Writing by Hand Makes You Smarter…

Many of my elementary students are bringing in first drafts of their Halloween compositions to their lessons this week, which has been a breath of fresh air for me!  I’ve been pleasantly surprised at how competent many are becoming at writing on the staff, and also at how creative they’ve been about adding “sound effects” like pedal and 8va markings, dynamics and articulations to make their pieces express just what they want.  Judging by what I’ve heard this week, last week’s creative improv activity at group lessons was a success!!

I’ve been making a concentrated effort this summer and fall to encourage some of my students who struggle with reading to do more composing, so that they get a chance to practice their notes in a different way – writing.   Most of these students have really embraced the chance to spend part of their practice time writing instead of always fighting to read music at home.  It’s given them new enthusiasm for lessons, and I’m starting to see their notereading skills improve.  Hooray!

Coincidentally, when I sat down at the computer to catch up on some news last night after lessons, I ran across this article, which was a perfect reaffirmation of what I’ve been seeing in my students this week!   Although it speaks to the benefits of handwriting letters and language, I think some of the findings could certainly apply to writing music by hand.    I love Finale and my MIDI keyboard, but it when I think about it, I DO feel most creative and really wrap my brain around things when I sketch them out on paper first.   Growing up in a world full of technology, I hope my students develop processes that spark their creativity in a similar way.   It was good to hear that I’m on the right track in making them do some writing!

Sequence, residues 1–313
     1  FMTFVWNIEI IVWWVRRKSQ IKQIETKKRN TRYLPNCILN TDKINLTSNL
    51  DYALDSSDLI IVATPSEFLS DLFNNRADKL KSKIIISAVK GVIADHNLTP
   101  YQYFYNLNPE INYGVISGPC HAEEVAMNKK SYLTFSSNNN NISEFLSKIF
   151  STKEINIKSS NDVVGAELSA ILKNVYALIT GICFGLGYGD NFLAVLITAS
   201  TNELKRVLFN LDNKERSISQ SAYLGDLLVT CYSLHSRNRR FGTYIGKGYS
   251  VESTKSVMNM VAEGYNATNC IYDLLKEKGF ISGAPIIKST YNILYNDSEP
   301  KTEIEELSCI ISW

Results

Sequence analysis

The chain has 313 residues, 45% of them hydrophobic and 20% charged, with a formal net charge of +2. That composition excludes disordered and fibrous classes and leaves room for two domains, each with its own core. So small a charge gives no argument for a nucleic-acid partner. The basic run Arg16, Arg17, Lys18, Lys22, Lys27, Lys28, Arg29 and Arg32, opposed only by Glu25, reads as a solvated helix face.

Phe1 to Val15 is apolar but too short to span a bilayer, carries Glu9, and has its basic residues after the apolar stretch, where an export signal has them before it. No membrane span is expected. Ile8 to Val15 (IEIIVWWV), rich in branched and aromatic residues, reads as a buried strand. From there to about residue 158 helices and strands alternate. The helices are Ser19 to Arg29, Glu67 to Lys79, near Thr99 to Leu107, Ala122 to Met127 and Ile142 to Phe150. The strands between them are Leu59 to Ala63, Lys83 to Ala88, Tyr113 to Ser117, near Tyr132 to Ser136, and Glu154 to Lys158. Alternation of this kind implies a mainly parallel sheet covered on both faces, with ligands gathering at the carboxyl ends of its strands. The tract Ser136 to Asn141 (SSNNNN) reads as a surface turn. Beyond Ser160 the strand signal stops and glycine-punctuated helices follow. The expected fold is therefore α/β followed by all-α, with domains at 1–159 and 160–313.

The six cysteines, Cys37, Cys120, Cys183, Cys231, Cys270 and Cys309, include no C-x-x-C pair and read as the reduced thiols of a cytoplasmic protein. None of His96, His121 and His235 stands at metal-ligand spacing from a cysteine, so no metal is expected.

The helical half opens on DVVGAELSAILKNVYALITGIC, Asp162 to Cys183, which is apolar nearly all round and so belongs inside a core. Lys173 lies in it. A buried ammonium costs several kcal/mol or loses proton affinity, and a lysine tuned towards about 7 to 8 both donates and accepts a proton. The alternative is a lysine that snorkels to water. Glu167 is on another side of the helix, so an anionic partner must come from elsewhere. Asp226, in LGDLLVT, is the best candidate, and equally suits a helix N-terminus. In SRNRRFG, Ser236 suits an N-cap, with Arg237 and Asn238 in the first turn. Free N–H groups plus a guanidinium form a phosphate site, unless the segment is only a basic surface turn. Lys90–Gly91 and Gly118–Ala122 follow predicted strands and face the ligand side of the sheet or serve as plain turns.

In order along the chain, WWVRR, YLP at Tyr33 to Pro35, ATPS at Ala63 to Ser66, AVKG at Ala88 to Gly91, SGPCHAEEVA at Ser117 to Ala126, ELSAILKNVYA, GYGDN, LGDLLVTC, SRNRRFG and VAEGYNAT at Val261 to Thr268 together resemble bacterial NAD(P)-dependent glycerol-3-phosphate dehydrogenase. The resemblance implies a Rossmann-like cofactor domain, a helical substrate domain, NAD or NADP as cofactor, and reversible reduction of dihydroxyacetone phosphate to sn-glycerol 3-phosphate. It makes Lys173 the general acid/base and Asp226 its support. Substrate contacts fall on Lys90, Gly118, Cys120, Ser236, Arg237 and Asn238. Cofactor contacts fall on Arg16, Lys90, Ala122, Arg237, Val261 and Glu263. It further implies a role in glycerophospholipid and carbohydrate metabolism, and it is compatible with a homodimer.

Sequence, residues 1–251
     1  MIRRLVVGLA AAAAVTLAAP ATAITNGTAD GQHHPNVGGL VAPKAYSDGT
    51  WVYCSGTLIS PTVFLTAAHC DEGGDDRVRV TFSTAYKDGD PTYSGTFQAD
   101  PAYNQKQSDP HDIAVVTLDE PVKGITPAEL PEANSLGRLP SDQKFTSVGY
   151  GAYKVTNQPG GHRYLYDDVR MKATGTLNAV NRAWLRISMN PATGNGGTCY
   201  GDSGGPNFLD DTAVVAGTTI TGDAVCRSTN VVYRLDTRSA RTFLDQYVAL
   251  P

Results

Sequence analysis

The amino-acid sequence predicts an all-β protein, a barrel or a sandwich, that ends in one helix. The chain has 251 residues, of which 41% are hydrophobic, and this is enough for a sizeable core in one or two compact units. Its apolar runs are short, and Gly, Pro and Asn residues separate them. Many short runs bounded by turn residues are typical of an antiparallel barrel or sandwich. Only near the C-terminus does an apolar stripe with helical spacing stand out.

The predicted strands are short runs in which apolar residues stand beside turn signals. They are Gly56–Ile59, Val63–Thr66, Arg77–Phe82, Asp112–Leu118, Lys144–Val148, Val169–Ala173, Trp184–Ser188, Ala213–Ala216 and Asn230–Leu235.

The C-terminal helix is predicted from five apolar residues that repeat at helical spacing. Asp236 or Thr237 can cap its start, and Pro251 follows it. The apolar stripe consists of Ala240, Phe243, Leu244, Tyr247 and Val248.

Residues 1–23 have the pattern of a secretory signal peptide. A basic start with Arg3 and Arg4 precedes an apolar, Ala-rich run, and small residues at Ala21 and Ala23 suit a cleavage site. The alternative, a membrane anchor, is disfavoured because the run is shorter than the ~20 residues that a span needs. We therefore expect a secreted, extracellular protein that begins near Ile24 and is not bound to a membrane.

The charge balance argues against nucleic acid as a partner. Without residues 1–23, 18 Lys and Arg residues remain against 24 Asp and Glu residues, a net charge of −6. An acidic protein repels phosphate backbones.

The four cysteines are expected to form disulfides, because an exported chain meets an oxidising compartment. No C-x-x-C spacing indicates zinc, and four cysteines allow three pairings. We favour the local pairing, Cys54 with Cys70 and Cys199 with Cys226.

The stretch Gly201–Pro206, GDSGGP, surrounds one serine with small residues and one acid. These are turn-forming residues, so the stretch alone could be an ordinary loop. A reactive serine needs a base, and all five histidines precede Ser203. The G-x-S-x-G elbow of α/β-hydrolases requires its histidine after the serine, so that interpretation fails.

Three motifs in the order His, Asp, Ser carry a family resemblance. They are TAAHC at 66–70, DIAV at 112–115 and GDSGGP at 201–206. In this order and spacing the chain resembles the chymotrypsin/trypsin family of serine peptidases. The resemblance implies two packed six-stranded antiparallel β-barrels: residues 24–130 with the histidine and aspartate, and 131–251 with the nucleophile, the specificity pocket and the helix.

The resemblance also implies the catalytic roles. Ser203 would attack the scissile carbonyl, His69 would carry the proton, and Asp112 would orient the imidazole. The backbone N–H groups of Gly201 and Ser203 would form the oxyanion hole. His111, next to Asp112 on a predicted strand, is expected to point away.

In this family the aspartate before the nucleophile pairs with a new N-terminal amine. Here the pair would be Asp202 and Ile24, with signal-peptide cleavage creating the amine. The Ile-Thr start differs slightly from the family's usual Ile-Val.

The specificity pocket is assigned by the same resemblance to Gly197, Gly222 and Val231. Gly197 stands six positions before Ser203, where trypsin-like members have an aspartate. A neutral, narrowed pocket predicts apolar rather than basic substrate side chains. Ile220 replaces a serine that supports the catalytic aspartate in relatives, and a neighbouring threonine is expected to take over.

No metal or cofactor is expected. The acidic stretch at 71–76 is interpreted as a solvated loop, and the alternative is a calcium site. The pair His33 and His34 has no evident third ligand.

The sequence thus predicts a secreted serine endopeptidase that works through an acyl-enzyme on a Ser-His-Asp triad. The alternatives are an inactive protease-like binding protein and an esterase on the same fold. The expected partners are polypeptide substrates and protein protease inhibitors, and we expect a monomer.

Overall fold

Writing by Hand Makes You Smarter… — 2 Comments

  1. I agree completely! There’s something about writing it out by hand that solidifies knowledge (never mind the fact that finale will auto-add your rests into your bars!).

  2. Truly, writing music by hand is a tough skill for many. Many adults have difficulty with the concepts. They get the pitches right but often botch the meter and proper division over the measures (can’t find the downbeat or tend to lose it from measure to measure).

    That said, I think writing music is one of the most important skills one can develop if they want to be good readers. Just like learning language which is a combination of both reading and writing. Can you imagine learning to read without writing?

    I’m enjoying your blog

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